[concurrency-interest] Multi-core testing, help with findings

David Holmes dcholmes at optusnet.com.au
Tue Dec 12 23:01:40 EST 2006


I really must learn to read what is written in sample code rather than what
I expect to see :) The volatile on the per-thread counter had escaped my
notice. I most definitely agree that that is the cause of the performance
loss - volatiles are free on UP systems but not on MP and this is
pathological usage.

Cheers,
David Holmes
  -----Original Message-----
  From: concurrency-interest-bounces at cs.oswego.edu
[mailto:concurrency-interest-bounces at cs.oswego.edu]On Behalf Of Boehm, Hans
  Sent: Wednesday, 13 December 2006 5:38 AM
  To: David Harrigan
  Cc: concurrency-interest at cs.oswego.edu
  Subject: Re: [concurrency-interest] Multi-core testing, help with findings


  I believe that Bjorn is right, and it's the fence following volatile
stores on a multiprocessor that's causing the problem.  That sounds far more
plausible than anything else I've seen here, including my own explanations.

  Note that volatile doesn't force anything out of the cache; it just forces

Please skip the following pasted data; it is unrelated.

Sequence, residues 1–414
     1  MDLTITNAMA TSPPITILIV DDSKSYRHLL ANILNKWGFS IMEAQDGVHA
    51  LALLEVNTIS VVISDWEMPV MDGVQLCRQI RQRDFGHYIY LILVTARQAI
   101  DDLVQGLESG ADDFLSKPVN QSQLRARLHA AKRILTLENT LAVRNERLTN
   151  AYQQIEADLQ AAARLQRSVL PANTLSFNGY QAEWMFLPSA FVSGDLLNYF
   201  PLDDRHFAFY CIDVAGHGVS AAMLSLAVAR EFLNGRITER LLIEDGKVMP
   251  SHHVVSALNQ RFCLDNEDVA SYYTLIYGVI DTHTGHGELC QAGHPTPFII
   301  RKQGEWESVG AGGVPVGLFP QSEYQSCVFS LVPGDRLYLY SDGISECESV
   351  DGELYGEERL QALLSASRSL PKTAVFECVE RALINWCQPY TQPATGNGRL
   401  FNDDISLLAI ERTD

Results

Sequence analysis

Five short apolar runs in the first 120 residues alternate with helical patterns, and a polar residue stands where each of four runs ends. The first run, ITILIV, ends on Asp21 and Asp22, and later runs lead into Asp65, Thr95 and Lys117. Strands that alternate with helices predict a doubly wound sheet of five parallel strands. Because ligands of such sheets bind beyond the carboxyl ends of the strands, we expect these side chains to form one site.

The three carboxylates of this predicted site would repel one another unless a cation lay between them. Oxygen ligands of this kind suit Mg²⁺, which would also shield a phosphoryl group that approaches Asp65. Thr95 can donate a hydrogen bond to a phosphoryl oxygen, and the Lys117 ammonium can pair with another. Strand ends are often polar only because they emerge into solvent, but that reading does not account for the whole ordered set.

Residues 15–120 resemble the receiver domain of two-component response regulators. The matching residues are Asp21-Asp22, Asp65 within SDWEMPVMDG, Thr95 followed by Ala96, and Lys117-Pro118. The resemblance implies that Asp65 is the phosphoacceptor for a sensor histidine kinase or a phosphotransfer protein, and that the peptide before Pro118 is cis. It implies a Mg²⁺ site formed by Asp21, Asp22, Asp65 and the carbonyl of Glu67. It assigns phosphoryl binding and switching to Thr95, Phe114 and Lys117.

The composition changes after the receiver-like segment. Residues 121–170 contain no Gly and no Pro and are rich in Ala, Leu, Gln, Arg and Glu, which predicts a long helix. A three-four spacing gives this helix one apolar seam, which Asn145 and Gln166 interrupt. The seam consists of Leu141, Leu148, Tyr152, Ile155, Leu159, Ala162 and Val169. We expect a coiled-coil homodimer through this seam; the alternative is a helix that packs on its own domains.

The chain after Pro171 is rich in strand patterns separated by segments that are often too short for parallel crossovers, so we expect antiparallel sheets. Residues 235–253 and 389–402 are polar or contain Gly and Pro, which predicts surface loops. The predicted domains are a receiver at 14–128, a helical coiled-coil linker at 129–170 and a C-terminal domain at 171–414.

the processor to execute an mfence instructions for each store to enforce
ordering between a volatile store and a subsequent volatile load.  On a P4
that typically costs you > 100 cycles.  On a core 2 duo I believe it's much
less, but still significant.

  (Since the volatiles are only accessed by a single thread, I also believe
it's actually correct to effectively optimize out the volatile qualifier in
this case, or to optimize away the whole loop for that matter.   I'd be
mildly impressed if a compiler actually did that.  As a general rule, it's
poor practice to put empty loops in microbenchmarks.  It makes the benchmark
very dependent on aspects of compiler optimization that don't matter for
real code.)

  Hans



----------------------------------------------------------------------------
    From: concurrency-interest-bounces at cs.oswego.edu
[mailto:concurrency-interest-bounces at cs.oswego.edu] On Behalf Of David
Harrigan
    Sent: Tuesday, December 12, 2006 1:52 AM
    To: concurrency-interest at cs.oswego.edu
    Subject: Re: [concurrency-interest] Multi-core testing, help with
findings


    Hi All,

    I would love to explore this further. I could certainly try out the
thread.yield().....but I have
    a small problemo now! My core 2 duo is going back to the factory since
the screen doesn't
    appear to want to play ball :-( I'll have to wait until I can try the
suggestions out. However,
    this of course does not mean no-one else can give it a whirl. All this
is very interesting, and
    I think highlights an area that is going to become more and more
prevalent - as more
    developers have multi-core machines to develop on, then these things are
going to come
    up more often...

    From what I can read in this thread so far - it's either a scheduling
issue with the OS, or
    I'm being too aggressive with use of the volatile (I chose this since I
wanted to see what